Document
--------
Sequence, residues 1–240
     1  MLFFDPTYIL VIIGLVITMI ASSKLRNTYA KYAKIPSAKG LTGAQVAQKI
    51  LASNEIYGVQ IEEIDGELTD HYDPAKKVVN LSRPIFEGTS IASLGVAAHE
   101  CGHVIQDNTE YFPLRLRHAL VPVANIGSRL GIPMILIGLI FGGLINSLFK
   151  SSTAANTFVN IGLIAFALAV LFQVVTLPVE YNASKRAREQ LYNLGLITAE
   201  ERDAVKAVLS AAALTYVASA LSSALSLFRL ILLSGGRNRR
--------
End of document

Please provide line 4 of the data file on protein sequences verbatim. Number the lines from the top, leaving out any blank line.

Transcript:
   101  CGHVIQDNTE YFPLRLRHAL VPVANIGSRL GIPMILIGLI FGGLINSLFK